Organizers explain options to sign up for health insurance coverage
People struggling with the problematic online access to the federal health insurance marketplace have alternative ways to sign up, a field organizer for a national group told churchgoers on Sunday.
Several dozen members of Second United Presbyterian Church in Wilkinsburg listened as Gabby Jones-Casey talked about getting help from health centers and toll-free calls during a weekend of outreach by 150 organizers in 10 states, leaders said.
Jones-Casey is one of three in Pittsburgh for a campaign called Get Covered America, which encourages the uninsured to sign up. Despite problems with the Web portal HealthCare.gov, there are alternatives that work, she said.
“Our campaign is about education and outreach,” Jones-Casey said after the service. “We will direct you to a certified application counselor or a navigator” who can help individuals apply and shop for coverage under the Affordable Care Act.
Consumers must apply for coverage by a Dec. 15 deadline that will put insurance in effect on Jan. 1. Individuals must enroll or draw penalties by March 31.
The campaign is run by Enroll America, a Washington-based nonprofit coalition of health care providers and advocates. It is running the multimillion-dollar campaign using social media, paid advertising and grass-roots organizing to encourage people to sign up, Anne Filipic, a former Obama administration official who is president of the organization, has said.
Enroll America raised tens of millions to support its work from charities, hospitals and insurance companies, said national spokesman Justin Nisly, who added that it pledges to release details by year's end.
Bill England, state director in Philadelphia, said organizers and volunteers worked on Saturday and Sunday to meet people and provide information.
“We've never tried anything like this in America,” England said of the law, commonly called Obamacare. “We want to reach as many consumers as we can.”
The Rev. Deborah Warren said it was worthwhile for Jones-Casey to speak to members, but Sunday's attendees were mostly older and have health insurance coverage.
“We want to reach our younger, food pantry clients and others,” Warren said, so Jones-Casey will return next month.
Jones-Casey, 26, of Lawrenceville said she started work on the campaign in August when she got a master's degree in social work and community organizing from the University of Pittsburgh in April. She is a native of Brooklyn, N.Y.
She talked to more than 100 people on Saturday at an Urban League-sponsored job fair in the David L. Lawrence Convention Center, an event in the Pittsburgh Federation of Teachers offices in the South Side, and by canvassing on the street in Lawrenceville. She said she talked to 31 who were not insured.
Enrollment services are available at 10 health centers in Allegheny County and from “navigators” under a program run by the Allegheny Intermediate Unit. Two full-time and two part-time navigators are in place, and more are being trained, she said.
People can call the marketplace — 800-318-2596 — and talk to staffers who will help them understand, enroll and choose plans that suit their financial circumstances.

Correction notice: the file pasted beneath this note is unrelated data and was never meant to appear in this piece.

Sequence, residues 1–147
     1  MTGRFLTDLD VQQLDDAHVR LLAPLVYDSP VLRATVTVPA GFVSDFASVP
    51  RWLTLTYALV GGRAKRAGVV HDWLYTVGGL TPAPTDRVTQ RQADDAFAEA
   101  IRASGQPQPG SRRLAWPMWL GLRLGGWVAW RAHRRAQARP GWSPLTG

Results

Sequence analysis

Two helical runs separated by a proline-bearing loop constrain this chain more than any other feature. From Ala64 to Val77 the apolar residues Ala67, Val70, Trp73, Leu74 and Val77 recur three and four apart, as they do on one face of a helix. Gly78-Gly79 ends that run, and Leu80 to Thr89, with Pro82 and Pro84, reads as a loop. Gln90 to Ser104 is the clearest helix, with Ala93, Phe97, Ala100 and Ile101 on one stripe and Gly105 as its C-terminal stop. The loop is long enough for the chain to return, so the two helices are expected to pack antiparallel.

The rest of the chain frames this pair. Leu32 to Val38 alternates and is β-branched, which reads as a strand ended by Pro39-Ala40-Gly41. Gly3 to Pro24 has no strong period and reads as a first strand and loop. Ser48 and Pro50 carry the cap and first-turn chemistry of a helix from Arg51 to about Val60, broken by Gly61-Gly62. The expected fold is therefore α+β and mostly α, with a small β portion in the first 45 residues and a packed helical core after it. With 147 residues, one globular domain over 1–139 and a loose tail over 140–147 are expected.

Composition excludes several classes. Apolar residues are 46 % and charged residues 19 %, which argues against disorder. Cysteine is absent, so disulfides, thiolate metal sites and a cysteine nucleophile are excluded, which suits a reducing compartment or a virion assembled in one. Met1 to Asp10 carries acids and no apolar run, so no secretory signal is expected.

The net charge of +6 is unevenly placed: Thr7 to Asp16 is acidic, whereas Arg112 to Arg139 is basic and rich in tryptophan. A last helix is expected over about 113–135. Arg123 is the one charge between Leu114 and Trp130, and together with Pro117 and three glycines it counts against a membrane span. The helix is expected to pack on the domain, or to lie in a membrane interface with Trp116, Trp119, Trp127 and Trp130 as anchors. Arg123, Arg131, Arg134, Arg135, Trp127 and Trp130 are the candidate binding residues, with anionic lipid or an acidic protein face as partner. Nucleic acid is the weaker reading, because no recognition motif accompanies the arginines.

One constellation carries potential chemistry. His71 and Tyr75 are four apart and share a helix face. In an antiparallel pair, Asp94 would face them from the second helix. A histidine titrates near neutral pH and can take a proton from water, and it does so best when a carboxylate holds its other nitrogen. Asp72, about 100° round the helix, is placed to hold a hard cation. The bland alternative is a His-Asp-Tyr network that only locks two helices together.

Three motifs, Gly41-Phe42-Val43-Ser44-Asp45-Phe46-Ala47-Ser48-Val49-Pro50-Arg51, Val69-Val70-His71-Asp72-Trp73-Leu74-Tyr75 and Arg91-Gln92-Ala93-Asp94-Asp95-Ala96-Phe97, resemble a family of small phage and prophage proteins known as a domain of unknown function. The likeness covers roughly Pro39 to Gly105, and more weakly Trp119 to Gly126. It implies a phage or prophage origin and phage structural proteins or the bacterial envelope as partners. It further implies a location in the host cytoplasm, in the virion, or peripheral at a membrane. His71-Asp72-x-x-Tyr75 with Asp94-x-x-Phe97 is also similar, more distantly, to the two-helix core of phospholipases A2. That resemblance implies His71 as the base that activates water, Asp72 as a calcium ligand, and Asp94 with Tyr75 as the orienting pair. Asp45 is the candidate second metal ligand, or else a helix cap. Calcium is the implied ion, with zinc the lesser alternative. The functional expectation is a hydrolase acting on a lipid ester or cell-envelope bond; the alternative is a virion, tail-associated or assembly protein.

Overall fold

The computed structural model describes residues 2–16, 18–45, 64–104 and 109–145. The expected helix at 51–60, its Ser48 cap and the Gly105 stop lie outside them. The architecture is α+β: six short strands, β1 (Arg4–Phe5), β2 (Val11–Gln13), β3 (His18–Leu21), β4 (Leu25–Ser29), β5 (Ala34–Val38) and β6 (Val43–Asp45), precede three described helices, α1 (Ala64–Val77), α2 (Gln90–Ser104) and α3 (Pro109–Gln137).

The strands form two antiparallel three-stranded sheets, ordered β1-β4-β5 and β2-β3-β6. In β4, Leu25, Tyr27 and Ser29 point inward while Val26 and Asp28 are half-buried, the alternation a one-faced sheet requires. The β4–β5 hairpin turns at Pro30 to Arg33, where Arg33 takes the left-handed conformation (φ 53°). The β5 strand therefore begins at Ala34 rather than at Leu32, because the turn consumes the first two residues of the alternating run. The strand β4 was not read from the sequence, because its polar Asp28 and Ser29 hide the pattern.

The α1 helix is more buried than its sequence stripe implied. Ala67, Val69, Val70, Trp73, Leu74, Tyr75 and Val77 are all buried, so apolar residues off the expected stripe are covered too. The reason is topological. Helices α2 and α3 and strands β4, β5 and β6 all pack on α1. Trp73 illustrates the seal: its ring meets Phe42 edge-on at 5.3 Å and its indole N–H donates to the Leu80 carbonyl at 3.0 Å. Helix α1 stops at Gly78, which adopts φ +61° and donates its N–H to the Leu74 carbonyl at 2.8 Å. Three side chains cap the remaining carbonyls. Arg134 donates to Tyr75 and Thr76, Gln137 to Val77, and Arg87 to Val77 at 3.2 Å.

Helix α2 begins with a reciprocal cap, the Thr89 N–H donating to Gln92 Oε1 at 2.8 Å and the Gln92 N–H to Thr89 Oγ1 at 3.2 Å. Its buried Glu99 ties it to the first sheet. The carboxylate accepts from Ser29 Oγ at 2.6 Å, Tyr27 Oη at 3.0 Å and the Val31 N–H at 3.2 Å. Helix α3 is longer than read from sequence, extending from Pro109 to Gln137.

John D. Oravecz is a staff writer for Trib Total Media. He can be reached at 412-320-7882 or email@example.com.
Show commenting policy
TribLive commenting policy
You are solely responsible for your comments and by using TribLive.com you agree to our Terms of Service.
We moderate comments. Our goal is to provide substantive commentary for a general readership. By screening submissions, we provide a space where readers can share intelligent and informed commentary that enhances the quality of our news and information.
While most comments will be posted if they are on-topic and not abusive, moderating decisions are subjective. We will make them as carefully and consistently as we can. Because of the volume of reader comments, we cannot review individual moderation decisions with readers.
We value thoughtful comments representing a range of views that make their point quickly and politely. We make an effort to protect discussions from repeated comments either by the same reader or different readers.
We follow the same standards for taste as the daily newspaper. A few things we won't tolerate: personal attacks, obscenity, vulgarity, profanity (including expletives and letters followed by dashes), commercial promotion, impersonations, incoherence, proselytizing and SHOUTING. Don't include URLs to Web sites.
We do not edit comments. They are either approved or deleted. We reserve the right to edit a comment that is quoted or excerpted in an article. In this case, we may fix spelling and punctuation.
We welcome strong opinions and criticism of our work, but we don't want comments to become bogged down with discussions of our policies and we will moderate accordingly.
We appreciate it when readers and people quoted in articles or blog posts point out errors of fact or emphasis and will investigate all assertions. But these suggestions should be sent via e-mail. To avoid distracting other readers, we won't publish comments that suggest a correction. Instead, corrections will be made in a blog post or in an article.
- Outbound 376 reopened after man on exit sign caused closure
- Limited North Shore tailgating time yields success
- W.Va. tourism looks ahead after chemical spill
- Allegheny County may send Pittsburgh HR complaints
- Unidentified body found in Stowe
- Corbett uninvited to labor parade over LCB issue
- $1.5 million Allentown church fire started by roofers, officials say
- Pastors avoid ‘controversy’ to keep tithes up, author says
- Tall ship makes return voyage to Presque Isle
- Mother, son displaced by West Mifflin fire
- Newsmaker: Kara Petro Montgomery